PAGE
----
This is where we stand.  I have figured that these men, who identified themselves as agents of this mortgage servicing company, are guilty of the following acts:

8 counts unlawful trespass - one for the land, one for the house, the two sheds, and the four cars
4 counts breaking and entering - The four cars
4 counts theft by taking - the car batteries
4 counts attempted theft by taking - the cars themselves
4 counts of attempted selling of stolen property.
1 count unlawful eviction
1 count destruction of property.

Because of this criminal malfeasance, we will be preparing a lawsuit.

Also, due to the unlawful activities of this company, we are also inquiring as to the status of our mortgage, as in, whether or not these thugs actually have it.  I suspect that they do not, and if they do not, we will be seeking additional damages and extortion charges.

My question to this community is thus.  How should I proceed and what damages do I seek?  How much pain and suffering should I amount for and what should amount would I be able to receive?

I thank you for reading and receiving my first diary on Daily Kos.

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Comment Preferences

  •  That seems like a terrible thing to have happen. I (13+ / 0-)

    think you'd be better off checking an attorney though in terms of what to ask for and what you might be able to get.

  •  Unfortunately I don't have advice (10+ / 0-)

    expert or no. I just wanted to show support tip/rec your first diary. This is a horrible situation you are in with your family, hopefully you will get help.

  •  Thank you. (11+ / 0-)

    Allow me to preemptively thank you for any words of support and condolence.  This is a terrible thing.  But when my father came home he said that he knew I would have dollar signs in my eyes and that all four of us would have righteous anger in our hearts.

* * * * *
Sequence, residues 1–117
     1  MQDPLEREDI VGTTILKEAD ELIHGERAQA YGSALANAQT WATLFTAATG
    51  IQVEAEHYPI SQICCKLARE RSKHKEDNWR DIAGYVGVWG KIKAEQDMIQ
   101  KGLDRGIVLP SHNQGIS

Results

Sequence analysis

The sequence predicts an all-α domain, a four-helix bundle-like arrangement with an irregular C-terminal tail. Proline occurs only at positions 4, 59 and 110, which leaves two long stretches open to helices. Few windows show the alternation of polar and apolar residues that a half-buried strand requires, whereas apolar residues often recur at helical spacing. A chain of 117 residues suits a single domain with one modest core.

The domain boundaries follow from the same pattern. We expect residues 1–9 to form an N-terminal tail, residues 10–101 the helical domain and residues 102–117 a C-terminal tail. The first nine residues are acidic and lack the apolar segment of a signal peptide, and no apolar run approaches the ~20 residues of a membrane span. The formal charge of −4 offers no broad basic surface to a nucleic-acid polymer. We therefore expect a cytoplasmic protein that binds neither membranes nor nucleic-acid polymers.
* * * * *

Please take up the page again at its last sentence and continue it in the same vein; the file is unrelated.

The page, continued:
This is a tragedy for us... but also an opportunity for financial relief and a rare chance for revenge against our malefactors at the same time.

    •  See an Attourney ASAP!!! (5+ / 0-)

      If there are potential monetary damages, a plaintiff's attorney will take the case on a contingincy basis and will collect he fees as a % of damages awarded.

      If they won't take your case they can refer you to a real estate attorney that can tell you if you have an interest to protect and advise you of your options.

      Do NOT DELAY!  Time is of the essence!

      IANAL and neither are you.  You need one right now with local knowledge to advise you on your rights and remedies.

      The republicons moan, the republicons bitch. Our rich are too poor and our poor are too rich. Ferguson Foont

      by Josiah Bartlett on Thu Nov 14, 2013 at 09:02:16 PM PST

      [ Parent ]

  •  Go to your local Legal Aid society (9+ / 0-)

    and ask them to advise you about your situation's legal 'merits'.  You can also see if your state's 'pro bono' attorney organization can advise you.  I also suggest that you look into how your state's Attorney General views this kind of situation.

    I am not a lawyer and I am not offering legal advice -- just some common-sense suggestions on where to go to look for legal advice.

    I also suggest that your get a copy of the police report and the pictures they took.  You said that the police came, but did they charge the men with any crimes?

    You could also search online to see if you can find any websites can educate you about how debt collectors are permitted to behave in your state.

    I also suggest that you edit your diary to include the name of your state.  This will make it easier for people here who have state-specific knowledge to respond to you.

    •  My father did not press charges yet. (6+ / 0-)

      The police did take their information off their driver's licenses. The police did not arrest them, as yet.  We will press charges later so that we can have all information ready for a potential lawsuit so that we have the threat of potential jail time as leverage.

      •  One important caveat: (6+ / 0-)

        While I am not familiar with the law in Georgia, in many states it is illegal for a person to use the threat of criminal charges (or the agreement not to seek them) to gain financial or other advantage.

        I'm very sorry to read of what has happened to you and your family, and wish you the best. I agree with the suggestion to contact your local Legal Aid Society. Another option is to contact the county bar association, as they may have a program that provides an initial free or low-cost consultation.